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Author Topic: Staying within a faith that rejects your values  (Read 3078 times)
Sperran
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« Topic Start: November 18, 2007, 11:29:02 am »

Hey folks,

I've been curious for some time now as to why people continue to identify with a faith that differs substantially from their values.  For example, when you look at how the birthrate has dropped substantially in countries like Italy and France, you can be sure these folks aren't adhering to the Roman Catholic Church's teachings on birth control.  Many other folks disagree vehemently with church policies on things like female ordination, but they still remain members of their local parish and support the Catholic church through volunteering and financial contributions.  (Note:  I'm not trying to single out Roman Catholics, just provide an example with which most people will be familiar.)

Why do you think that people remain in religious organizations that clearly clash with their values?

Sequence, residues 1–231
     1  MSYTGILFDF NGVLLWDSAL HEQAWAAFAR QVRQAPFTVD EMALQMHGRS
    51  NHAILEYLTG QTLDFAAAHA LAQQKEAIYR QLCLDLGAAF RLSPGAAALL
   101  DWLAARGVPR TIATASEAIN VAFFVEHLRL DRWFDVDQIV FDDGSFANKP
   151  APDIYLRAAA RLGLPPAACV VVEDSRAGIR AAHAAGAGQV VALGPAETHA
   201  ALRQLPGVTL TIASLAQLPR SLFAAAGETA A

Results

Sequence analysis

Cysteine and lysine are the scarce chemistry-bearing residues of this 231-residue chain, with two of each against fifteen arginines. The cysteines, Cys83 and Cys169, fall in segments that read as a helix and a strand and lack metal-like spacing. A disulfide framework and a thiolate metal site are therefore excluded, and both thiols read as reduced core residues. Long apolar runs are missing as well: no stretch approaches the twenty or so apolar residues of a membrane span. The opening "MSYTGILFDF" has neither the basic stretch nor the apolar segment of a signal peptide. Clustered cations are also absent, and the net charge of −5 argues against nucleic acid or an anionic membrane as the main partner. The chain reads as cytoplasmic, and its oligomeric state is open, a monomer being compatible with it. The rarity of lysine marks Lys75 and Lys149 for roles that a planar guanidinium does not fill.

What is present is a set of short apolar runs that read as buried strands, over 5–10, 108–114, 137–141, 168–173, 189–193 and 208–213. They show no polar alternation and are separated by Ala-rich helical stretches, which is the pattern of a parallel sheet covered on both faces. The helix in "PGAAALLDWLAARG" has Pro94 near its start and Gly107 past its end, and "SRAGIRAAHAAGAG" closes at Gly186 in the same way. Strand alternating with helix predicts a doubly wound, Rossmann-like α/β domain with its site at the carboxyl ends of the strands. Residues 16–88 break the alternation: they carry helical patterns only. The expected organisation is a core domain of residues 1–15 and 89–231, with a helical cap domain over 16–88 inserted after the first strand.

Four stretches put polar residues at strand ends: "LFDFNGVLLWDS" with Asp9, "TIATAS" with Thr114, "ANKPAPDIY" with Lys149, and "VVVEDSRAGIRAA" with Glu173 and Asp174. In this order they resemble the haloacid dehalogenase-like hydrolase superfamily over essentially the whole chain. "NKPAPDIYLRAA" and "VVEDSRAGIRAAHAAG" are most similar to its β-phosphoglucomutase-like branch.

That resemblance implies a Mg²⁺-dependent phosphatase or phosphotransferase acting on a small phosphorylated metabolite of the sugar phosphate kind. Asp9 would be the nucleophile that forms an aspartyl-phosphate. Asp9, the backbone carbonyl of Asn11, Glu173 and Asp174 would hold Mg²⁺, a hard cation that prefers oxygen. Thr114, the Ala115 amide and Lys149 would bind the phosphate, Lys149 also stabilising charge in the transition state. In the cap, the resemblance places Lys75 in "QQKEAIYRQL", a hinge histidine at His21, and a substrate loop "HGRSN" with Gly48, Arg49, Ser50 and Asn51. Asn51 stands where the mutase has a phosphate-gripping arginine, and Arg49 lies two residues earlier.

Sperran
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« Reply #1: November 18, 2007, 11:42:43 am »

Hey folks,

I've been curious for some time now as to why people continue to identify with a faith that differs substantially from their values.  For example, when you look at how the birthrate has dropped substantially in countries like Italy and France, you can be sure these folks aren't adhering to the Roman Catholic Church's teachings on birth control.  Many other folks disagree vehemently with church policies on things like female ordination, but they still remain members of their local parish and support the Catholic church through volunteering and financial contributions.  (Note:  I'm not trying to single out Roman Catholics, just provide an example with which most people will be familiar.)